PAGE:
It is a scriptwriter’s dream. No team is through to the semi-finals going into the last day of the Group B fixtures of the Women’s World T20. West Indies could have become the first had they beaten England in Dharamasla on Thursday, but a one-wicket loss meant they had hit a road block. West Indies will draw solace from the fact that they are still in control of their fate – a win on Sunday would put them in the semi-finals – unlike India, who have to win and also hope England beat Pakistan in Chennai.
Stafanie Taylor leads a side who would win most battles of on-field celebrations, but very little of their vibrant nature has been seen lately. The captain herself was crestfallen after the loss to England, but hoped the team would move on quickly.
Taylor is “free-spirited” most times, but taking over the captaincy in September 2015 has transformed her outlook. An otherwise fearless batsman, Taylor has had to slip into the role of shepherding the batting line-up. Scores of 40, 40 and 35 in the tournament so far suggest she has been successful, but that still does little to dispel a notion that West Indies are largely reliant on her and Deandra Dottin for their runs.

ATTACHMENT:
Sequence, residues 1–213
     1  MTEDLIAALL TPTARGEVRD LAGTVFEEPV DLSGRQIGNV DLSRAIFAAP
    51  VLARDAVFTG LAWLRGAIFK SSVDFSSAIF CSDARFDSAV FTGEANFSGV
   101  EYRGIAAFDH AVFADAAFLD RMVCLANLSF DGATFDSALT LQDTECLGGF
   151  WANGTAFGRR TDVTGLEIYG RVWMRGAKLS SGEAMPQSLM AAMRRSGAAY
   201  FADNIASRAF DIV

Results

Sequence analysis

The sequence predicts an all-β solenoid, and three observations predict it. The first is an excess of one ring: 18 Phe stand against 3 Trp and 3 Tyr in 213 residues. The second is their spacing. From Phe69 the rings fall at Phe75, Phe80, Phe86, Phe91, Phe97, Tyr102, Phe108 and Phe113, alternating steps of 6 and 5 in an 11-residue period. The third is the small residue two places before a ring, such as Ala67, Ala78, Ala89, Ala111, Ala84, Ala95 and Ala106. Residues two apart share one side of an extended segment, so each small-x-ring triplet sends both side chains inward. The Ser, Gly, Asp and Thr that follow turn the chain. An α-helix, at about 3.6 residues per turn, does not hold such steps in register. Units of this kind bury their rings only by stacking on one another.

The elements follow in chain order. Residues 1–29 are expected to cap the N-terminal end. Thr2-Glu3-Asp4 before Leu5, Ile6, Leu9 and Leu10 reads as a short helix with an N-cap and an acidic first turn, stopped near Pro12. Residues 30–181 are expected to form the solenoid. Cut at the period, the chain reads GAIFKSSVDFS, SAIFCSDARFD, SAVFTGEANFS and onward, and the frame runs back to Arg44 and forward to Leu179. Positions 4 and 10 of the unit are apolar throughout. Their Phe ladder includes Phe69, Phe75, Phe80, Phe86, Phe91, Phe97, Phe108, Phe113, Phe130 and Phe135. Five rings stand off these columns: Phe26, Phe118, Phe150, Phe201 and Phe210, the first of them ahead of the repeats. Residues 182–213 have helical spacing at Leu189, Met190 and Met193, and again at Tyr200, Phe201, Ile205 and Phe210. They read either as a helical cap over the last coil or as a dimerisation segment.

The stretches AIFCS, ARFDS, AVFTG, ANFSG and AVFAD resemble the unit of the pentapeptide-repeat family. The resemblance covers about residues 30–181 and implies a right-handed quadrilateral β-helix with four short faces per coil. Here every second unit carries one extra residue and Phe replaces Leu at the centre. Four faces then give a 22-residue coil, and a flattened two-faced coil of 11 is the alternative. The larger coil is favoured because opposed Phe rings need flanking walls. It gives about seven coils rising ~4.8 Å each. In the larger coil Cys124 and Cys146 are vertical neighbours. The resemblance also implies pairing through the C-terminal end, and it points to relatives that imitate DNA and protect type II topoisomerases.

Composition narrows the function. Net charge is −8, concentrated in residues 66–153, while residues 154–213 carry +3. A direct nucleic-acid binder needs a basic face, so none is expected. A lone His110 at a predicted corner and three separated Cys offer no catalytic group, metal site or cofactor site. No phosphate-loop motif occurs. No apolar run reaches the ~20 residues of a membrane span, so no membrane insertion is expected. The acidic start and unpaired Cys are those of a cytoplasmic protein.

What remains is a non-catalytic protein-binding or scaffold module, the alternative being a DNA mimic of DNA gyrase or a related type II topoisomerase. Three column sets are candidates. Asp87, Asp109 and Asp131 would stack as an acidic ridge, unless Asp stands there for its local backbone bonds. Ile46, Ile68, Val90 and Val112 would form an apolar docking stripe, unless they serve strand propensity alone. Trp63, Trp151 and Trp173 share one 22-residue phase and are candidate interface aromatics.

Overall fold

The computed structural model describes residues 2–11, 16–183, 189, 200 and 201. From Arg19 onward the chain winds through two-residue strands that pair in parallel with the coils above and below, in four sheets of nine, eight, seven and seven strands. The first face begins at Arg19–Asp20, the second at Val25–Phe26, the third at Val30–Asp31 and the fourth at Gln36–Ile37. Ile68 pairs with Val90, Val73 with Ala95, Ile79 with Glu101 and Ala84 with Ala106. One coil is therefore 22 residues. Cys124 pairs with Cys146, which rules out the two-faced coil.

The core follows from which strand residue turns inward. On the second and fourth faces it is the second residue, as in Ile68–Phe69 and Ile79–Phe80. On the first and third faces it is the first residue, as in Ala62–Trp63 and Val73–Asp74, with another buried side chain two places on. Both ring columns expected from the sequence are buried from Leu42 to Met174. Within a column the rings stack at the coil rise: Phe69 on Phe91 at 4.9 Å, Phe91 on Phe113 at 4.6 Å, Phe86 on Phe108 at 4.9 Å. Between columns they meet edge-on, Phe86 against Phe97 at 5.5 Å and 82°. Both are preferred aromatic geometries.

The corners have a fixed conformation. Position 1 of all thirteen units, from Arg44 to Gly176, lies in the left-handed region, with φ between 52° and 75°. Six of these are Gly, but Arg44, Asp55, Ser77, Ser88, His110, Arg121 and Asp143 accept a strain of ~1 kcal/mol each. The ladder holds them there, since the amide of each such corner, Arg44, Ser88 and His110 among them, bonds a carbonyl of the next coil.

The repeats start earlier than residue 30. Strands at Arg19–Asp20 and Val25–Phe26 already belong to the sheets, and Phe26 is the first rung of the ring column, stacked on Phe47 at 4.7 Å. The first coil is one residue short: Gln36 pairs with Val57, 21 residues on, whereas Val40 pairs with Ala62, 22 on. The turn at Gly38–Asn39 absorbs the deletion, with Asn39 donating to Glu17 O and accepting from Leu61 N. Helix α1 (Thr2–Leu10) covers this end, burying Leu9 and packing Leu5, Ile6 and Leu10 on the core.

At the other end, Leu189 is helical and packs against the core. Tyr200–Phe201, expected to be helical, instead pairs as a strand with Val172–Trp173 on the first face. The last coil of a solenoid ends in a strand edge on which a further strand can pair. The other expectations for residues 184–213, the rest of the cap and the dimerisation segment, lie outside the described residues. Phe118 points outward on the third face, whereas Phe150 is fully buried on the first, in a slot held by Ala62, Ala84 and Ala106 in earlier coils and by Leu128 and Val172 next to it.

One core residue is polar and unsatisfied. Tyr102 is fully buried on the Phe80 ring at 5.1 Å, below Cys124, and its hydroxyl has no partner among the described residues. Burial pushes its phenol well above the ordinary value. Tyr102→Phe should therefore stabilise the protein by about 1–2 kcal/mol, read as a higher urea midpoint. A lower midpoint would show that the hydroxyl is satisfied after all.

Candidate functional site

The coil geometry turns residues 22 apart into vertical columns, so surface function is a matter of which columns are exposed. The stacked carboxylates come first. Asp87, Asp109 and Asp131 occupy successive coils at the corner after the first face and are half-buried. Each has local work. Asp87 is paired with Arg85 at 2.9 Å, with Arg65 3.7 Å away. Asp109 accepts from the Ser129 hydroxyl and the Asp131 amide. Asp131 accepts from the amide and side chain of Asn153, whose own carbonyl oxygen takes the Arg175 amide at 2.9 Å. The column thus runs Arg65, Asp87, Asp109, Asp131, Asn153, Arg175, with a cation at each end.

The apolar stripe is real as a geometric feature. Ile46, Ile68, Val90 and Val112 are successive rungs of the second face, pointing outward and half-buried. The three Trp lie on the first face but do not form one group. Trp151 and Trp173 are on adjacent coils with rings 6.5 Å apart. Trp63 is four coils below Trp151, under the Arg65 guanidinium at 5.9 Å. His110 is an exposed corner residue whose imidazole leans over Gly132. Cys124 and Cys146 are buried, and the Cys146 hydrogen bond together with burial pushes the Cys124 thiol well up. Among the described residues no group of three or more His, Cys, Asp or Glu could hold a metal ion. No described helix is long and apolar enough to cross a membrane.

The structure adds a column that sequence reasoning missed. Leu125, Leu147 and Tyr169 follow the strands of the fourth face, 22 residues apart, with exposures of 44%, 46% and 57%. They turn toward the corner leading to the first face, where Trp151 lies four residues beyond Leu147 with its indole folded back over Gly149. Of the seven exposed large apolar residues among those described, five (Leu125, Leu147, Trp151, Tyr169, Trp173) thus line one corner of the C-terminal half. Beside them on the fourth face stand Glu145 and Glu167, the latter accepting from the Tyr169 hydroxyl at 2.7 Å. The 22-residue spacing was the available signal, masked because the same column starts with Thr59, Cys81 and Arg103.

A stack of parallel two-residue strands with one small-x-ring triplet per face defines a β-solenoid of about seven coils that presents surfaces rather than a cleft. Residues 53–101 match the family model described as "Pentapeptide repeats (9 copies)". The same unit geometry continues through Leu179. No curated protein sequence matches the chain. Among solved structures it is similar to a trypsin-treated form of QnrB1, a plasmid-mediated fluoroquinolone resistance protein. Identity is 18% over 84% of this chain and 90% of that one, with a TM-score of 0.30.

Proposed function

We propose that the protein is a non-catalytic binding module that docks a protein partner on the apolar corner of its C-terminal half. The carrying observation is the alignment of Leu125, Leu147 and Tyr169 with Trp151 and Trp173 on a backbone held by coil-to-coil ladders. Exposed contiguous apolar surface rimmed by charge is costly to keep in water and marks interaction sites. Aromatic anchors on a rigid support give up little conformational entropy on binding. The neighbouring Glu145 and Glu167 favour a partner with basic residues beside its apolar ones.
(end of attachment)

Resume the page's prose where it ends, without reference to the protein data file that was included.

“We do have good talent coming through – Hayley Matthews and Shaquana Quintyne to just name a few. But the standard back home is not what we would have liked to,” Taylor said when asked if the gap between domestic and international cricket was a bridge too far. “We are trying to get to where Australia and England are. The reason why you hear a just few of our names is because we are consistent. We are trying to get players to emulate us, be as consistent as they can be.”
Taylor’s opposite number Mithali Raj hoped India could cash in on a lifeline offered to them, even though they have to wait for a favour from England.
“The girls realise every match is very important. We have had some slip-ups, but have another opportunity to make do with. It’s important for us to regroup and play well,” she said. “I do understand lots of them were under pressure against Pakistan, it was evident. I’m sure that experience helped them against England. They gave the team an opportunity to come back into the game. It will help us in the future. As of now, bowling and fielding, we look good. We need to work a lot on the batting.
Cricket aside, both captains were also asked about the disparity in pay, a debate that hasn’t ceased even as the tournament enters the business end. While ICC has taken a few steps – like increasing the overall prize money of the women’s tournament to 400,000 USD, a 122% raise from 2014, reports of women cricketers being made to fly economy class, and not business class like their male counterparts, have fuelled the fire.